1 In the Revised Statutes of New York, 1 R. S. 663, § 8, it is declared, that " all wagers, bets, or stakes, made to depend on any race or upon any gaming by bet or chance, or upon any bet, chance, casualty, or unknown or contingent event whatsoever, shall be unlawful;" and " all contracts for and on account of any money or property or thing in action so waged, bet, or staked, shall be void." See also Peck v. Briggs, 3 Denio, 108, and Lewis v. Miner, 3 Denio, 103; Ruckman v. Pitcher, 1 Comst. 392; Storey v. Brennan, 15 N. Y. 524. Gaming is also prohibited in Massachusetts, and money lost in gaming can be recovered. Rev. Stat. p. 1, ch. 50, § 12, 14,15. It is declared that persons losing money by gaming may recover it back; and if within three months he do not sue therefor, any other person may sue therefor, and recover treble the value of the money or goods lost, one moiety being to the use of the Commonwealth, and the other to the suitor. All securities and conveyances are also declared void if any part of the consideration therefor be for gaming; except as to bond fide holders for a valuable consideration without notice. Mass. Rev. Stat. ch. 50, § 13-16, p. 387. And see Mass. Gen. Stat. ch. 85.

2Denniston v. Cook, 12 Johns. 376.

3 Hunt v. Bell, 1 Bing. 1; 7 Moore, 212; Egerton v. Furzeman, 1 C. & P. 613. 4 Squires v. Whisken, 3 Camp. 140.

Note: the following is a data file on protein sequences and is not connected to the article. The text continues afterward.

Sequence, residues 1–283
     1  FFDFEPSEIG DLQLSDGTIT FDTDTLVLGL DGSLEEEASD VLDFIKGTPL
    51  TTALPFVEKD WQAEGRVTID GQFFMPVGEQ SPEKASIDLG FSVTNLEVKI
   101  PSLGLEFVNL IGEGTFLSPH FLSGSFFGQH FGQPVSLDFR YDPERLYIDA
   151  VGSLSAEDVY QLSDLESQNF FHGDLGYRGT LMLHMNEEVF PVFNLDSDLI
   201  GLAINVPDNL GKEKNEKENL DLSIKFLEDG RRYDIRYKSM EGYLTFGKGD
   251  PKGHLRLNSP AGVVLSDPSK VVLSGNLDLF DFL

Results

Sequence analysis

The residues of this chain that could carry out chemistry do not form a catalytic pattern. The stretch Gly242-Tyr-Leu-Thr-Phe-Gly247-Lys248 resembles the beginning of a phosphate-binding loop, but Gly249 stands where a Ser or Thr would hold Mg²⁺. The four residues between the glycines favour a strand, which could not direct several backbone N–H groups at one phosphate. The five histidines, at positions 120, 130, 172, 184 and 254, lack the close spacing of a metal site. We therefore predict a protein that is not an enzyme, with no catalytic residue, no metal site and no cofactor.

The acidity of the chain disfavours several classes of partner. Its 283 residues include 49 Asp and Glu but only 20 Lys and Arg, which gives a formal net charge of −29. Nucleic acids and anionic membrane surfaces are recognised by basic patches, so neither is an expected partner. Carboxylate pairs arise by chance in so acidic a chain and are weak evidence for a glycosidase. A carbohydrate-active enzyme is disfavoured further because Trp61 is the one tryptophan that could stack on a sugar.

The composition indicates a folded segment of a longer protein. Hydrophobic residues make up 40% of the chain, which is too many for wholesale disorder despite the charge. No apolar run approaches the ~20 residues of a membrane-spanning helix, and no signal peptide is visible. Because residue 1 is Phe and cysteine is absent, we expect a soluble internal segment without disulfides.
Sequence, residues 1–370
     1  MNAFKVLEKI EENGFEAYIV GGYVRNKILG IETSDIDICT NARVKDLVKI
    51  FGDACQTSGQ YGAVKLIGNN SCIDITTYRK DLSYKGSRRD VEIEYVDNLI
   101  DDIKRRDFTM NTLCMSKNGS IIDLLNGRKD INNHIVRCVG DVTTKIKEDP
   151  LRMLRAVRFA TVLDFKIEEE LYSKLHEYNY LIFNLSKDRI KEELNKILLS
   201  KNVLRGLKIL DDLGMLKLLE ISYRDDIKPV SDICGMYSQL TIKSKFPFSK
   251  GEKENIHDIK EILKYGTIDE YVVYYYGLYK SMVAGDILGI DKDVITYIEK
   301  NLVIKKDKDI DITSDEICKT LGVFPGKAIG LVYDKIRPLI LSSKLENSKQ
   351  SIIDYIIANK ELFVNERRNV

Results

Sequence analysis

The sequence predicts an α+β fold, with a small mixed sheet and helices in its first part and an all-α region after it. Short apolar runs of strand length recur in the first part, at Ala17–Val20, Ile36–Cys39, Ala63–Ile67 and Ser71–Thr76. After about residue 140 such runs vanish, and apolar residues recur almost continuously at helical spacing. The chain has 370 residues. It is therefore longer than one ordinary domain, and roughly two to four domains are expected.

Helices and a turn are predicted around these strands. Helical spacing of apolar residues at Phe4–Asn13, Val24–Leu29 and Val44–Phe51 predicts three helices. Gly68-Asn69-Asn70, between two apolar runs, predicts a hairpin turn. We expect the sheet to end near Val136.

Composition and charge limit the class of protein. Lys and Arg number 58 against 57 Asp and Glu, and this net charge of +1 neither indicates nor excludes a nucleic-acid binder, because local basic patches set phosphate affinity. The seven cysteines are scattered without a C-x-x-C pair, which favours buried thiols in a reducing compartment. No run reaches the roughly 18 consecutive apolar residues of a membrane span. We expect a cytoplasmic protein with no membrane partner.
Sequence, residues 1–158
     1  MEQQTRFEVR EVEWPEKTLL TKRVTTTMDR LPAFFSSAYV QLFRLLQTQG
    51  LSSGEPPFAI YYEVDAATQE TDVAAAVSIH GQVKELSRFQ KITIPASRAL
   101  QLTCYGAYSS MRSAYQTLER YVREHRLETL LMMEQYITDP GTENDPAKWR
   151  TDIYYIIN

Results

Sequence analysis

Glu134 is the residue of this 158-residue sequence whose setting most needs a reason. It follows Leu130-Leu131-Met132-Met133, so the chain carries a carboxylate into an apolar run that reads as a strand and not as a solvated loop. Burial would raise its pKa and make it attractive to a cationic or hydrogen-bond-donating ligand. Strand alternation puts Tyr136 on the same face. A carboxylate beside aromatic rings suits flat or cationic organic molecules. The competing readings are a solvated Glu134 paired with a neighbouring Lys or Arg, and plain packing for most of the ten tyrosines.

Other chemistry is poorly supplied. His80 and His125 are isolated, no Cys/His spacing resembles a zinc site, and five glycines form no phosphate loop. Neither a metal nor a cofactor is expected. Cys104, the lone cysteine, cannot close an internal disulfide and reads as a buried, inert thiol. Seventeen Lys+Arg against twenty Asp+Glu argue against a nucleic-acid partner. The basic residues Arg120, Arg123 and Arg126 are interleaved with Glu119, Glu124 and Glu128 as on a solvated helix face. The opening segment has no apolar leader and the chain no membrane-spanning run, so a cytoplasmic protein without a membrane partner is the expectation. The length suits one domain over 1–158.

5 Brogden v. Marriott, 3 Bing. N. C. 88; 2 Scott, 712.

§ 698. So, also, wagers which tend to affect the feelings or interests of third persons;5 or lead to indecent exposures and examinations; or are in any manner contra bonos mores,6 - are void. Thus, a wager as to the sex of the celebrated Chevalier D'Eon;7 and a wager as to whether Joanna Southcote, a pretended prophetess, and an unmarried woman, would have a child by a certain day, was held to be illegal.8 So, also, a wager whether a woman has committed adultery; or has had a bastard child; or any wager which wantonly exposes a person to ridicule or improper imputation, or which operates as a libel, - is void.9

§ 699. In the United States wagers are generally made void by statute; as are also all species of gaming.10 And the loser of an illegal wager may recover his deposit of the stakeholder, if he has not paid it over at the time suit is brought.11 So, too, wager policies of insurance, that is, policies effected

1 Allen v. Hearn, 1 T. R. 57, n. b; Busk v. Walsh, 4 Taunt. 290.

2 Evans v. Jones, 5 M. & W. 77.

3 M'Allister v. Hoffman, 16 S. & R. 147; Hickerson v. Benson, 8 Mo. 8; Ball v. Gilbert, 12 Met. 397; Tarleton v. Baker, 18 Vt. 9; Wheeler v. Spencer, 15 Conn. 28; Stoddard v. Martin, 1 R. I. 1; Gardner v. Nolen, 3 Harrington, 420; Guyman v. Burlingame, 36 111. 201.

4 Hartley v. Rice, 10 East, 22; Rust v. Gott, 9 Cow. 169; Wroth v. Johnson, 4 Harr. & M'Hen. 284; Allen v. Hearn, 1 T. R. 57.

6 It has been decided in the Supreme Court of Pennsylvania, that no wager concerning any human being is recoverable in a court of justice. Phillips v. Ives, 1 Rawle, 37. The court was, however, divided in opinion.

6 Eltham v. Kingsman, IB. & Al. 684.

7 Da Costa v. Jones, 2 Cowp. 729.

8 Ditchburn v. Goldsmith, 4 Camp. 152.

9 Da Costa t>. Jones, 2 Cowp. 729; Atherfold v. Beard, 2 T. R. 610; Gilbert v. Sykes, 16 East, 150; Hartley v. Rice, 10 East, 22; Shirley v. Sankev, 2 Bos. & Pul. 130.

10 See Edgell v. M'Laughlin, 6 Whart. 176; Knight v. Gregg, 26 Tex. 506; Hayden v. Little, 35 Mo. 418; Monroe v. Smelly, 25 Tex. 586; Mosher v. Griffin, 51 111. 184 (1869); Sutphin v. Crozer, 1 Vroom, 257; Perkins v. Clcmm, 23 Ark. 221.

11 Graham v. Thompson, Irish R. 2 C. L. 64 (1867). See Savage v. Madder, 36 Law J. (n. s.) Exch. 178. In Shaw v. Gardner, 30 Iowa, 111 by parties having no interest in the subject of insurance, are void by statute in England, and generally in America.1